Annie Turcotte, 21, was a 1st year student in engineering materials. She lived with her brother in small apartment near the university. Described as gentle and athletic, she was a diver and a swimmer. She went into engineering so she could one day help improve the environment.

Barbara Daigneault, 22, was to graduate at the end of the year. She was a teaching assistant for her father Pierre Daigneault, a mechanical engineering professor with the city’s other French-language engineering school at University of Quebec at Montreal.

Barbara Maria Klueznick, 31, was a first-year nursing student. She arrived in Montreal from Poland with her husband in 1987. (Spoczywaj w pokoju, Barbara.)

Geneviève Bergeron, 21, was a second year scholarship student in civil engineering who could easily have become a musician instead of an engineer. Her friends and family described her as a happy person. She played the clarinet and sang in a professional choir. In her spare time she played basketball and swam. On the last day of her life, Geneviève had gone to the school to work on a project with her friends.

Hélène Colgan, 23, was in her final year of mechanical engineering and planned to take her Master’s degree. She had three job offers and was leaning towards accepting one from a company based near Toronto.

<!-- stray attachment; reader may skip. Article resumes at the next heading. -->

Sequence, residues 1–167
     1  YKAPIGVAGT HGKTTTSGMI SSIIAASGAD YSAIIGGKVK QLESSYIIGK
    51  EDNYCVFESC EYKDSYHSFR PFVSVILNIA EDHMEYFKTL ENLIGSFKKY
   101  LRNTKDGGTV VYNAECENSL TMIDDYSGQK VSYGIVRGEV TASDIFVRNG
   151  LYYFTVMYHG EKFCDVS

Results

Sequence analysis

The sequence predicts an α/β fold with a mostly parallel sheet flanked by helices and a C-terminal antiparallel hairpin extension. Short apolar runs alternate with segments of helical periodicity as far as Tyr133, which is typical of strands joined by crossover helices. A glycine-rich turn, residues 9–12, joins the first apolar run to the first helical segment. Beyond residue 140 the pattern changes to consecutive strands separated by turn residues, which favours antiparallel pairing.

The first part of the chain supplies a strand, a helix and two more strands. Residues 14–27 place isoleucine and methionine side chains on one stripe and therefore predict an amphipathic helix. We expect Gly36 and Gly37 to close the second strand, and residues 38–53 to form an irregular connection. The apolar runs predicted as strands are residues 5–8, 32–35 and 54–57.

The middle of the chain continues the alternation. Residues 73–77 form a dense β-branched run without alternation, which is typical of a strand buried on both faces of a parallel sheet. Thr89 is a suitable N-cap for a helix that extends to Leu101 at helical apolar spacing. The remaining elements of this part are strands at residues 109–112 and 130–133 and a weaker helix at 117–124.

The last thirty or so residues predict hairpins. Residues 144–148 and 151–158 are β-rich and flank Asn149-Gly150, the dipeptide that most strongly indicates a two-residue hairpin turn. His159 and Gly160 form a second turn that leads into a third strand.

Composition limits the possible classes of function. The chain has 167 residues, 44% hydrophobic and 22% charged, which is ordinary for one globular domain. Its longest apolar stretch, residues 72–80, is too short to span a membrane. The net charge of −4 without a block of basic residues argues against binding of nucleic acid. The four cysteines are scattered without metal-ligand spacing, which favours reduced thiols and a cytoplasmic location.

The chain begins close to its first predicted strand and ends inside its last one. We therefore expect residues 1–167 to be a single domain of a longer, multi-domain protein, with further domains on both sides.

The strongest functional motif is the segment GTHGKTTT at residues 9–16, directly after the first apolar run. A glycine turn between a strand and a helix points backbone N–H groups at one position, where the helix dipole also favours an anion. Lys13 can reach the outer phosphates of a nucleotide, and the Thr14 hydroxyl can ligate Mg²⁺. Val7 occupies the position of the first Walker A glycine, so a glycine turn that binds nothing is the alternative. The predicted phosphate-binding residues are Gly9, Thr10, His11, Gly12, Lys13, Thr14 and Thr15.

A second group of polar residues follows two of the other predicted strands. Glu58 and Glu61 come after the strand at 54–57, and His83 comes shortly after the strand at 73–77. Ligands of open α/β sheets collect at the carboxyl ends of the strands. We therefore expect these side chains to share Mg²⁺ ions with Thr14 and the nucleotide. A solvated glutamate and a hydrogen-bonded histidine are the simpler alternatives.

Maud Haviernick, 29, was a second year student in engineering materials, a branch of metallurgy, and a graduate in environmental design from the University of Quebec at Montreal.

Maryse Laganière, 25, was the only non-student killed. She worked in the budget department of the École Polytechnique. She had recently married.

Maryse Leclair, 23, in 4th-year metallurgy, had a year to go before graduation and was one of the top students in the school. She acted in plays in junior college. She was the first victim whose name was known because was found by her father, Montreal Police Lieutenant. Pierre Leclair.

Nathalie Croteau, 23, was in her final year of mechanical engineering and planned to take a two-week vacation in Cancun, Mexico, with Hélène Colgan at the end of the month.

Sonia Pelletier, 28, was head of her class and the pride of St-Ulric, Quebec, her remote birthplace in Gaspé Peninsula. She had five sisters and two brothers. She was to graduate next day in mechanical engineering. Sonia had a job interview lined up for the following week. She was awarded her degree posthumously.

Michele Richard, 21, of Montreal, was in second-year engineering materials. She was presenting a paper with Haviernick when she was killed.